“This is a present from a small, distant world, a token of our sounds, our science, our images, our music, our thoughts and our feelings. We are attempting to survive our time so we may live into yours.”
President Carter (brother of the esteemed Billy Carter) in his little recording may have been entertaining prophecy unawares. But those who “survive our time” will be the redeemed of the LORD and not scientists with the highest IQs. So to all of the NASA scientists and space nerds longing to explore the billions upon billions of Galaxies filling our universe, your best chance of doing that will come when you fall on your knees in repentance to the God who made those Galaxies and will someday open their mysteries to the redeemed inhabitants of Earth.
R. Eric Tippin
In "The Study" on 8th Street
October 26, 2012
 Chesterton, G. K. (Gilbert Keith) (2009-10-04). Orthodoxy (p. 58). Public Domain Books. Kindle Edition.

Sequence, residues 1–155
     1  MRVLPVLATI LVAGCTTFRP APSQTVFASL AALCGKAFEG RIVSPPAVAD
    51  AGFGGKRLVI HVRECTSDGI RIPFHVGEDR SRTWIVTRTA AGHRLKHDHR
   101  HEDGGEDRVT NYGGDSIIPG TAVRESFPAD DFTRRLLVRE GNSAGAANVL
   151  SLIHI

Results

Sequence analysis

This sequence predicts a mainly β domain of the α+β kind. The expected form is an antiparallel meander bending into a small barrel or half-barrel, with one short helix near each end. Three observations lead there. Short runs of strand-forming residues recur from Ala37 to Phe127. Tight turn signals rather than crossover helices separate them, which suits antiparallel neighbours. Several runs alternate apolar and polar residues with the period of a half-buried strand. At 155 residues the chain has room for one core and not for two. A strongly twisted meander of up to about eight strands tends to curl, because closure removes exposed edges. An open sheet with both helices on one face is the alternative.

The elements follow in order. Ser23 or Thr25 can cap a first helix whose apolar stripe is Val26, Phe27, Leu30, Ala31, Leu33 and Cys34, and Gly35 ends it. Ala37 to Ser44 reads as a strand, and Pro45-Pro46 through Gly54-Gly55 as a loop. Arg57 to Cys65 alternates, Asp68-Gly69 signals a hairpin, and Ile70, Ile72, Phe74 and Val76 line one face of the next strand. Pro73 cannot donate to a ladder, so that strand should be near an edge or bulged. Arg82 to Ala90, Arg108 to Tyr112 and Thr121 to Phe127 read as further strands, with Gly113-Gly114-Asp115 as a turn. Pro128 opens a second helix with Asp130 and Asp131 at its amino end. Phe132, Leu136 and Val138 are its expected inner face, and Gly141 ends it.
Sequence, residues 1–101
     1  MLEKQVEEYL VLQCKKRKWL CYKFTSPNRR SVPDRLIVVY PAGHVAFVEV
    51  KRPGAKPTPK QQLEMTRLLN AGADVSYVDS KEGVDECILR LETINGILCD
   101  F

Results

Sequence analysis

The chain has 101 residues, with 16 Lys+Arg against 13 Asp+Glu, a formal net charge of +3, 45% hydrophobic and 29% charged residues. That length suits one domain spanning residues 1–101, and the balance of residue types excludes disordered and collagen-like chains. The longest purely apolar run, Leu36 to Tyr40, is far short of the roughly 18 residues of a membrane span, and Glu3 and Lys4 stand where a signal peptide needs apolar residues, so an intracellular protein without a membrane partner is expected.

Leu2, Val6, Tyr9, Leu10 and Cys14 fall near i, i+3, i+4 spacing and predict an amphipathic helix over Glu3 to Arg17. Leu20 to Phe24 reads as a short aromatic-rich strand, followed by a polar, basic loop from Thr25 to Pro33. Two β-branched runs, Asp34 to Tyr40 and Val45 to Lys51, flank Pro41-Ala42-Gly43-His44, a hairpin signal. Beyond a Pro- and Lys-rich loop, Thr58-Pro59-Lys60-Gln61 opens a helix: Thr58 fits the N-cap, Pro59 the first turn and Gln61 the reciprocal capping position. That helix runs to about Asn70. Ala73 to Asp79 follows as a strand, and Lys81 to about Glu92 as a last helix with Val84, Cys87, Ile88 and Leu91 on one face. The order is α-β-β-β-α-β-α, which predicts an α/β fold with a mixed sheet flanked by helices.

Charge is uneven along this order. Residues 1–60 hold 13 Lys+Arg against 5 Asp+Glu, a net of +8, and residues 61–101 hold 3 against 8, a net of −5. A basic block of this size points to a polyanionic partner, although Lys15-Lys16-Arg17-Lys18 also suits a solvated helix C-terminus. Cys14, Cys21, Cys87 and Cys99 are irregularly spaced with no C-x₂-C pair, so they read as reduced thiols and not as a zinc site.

Mar 5, 2013
On the recommendation of Gear Patrol’s list of “100 Best Books for Men: The Definitive Men’s Library” I recently read (just finished it today) The Return of the Native by Thomas Hardy, the Victorian novelist and poet. I knew it was a classic, and I had a vague idea of a story about an Indian brave who escapes to the city but in the end learns the value of tribal living; boy was I wrong. It is a flowing third person narrative about country folks living on a rural heath in Eighteenth Century England. I mention the third person aspect of the book because Hardy brilliantly utilizes that voice in creative ways unknown to most books. The only other time I have been floored by 3rd person omniscient storytelling is in one of the Master and Commanderbooks by Patricky O’Brien. In the book, Captain Jack Aubrey and a woman are fox hunting (on horses of course); suddenly, as they are about to jump a hedge the perspective changes to that of the horse Captain Aubrey is riding. Hardy is no less creative with his omniscient narration power.
He considered himself a poet and it shows in his prose. Here there is no Hemmigway choppy brevity, but lovely colorful accounts of landscapes, weather, people and events. He delves into psychology, but avoids spending the entire story in the brains of his characters as many modern novels do. It isn’t too long, and the story is riveting, sad but morally astute and correct. It is a masterpiece of Victorian literature and worth the read.
R. Eric Tippin
On Victoria Road, Newton, KS
March 5, 2013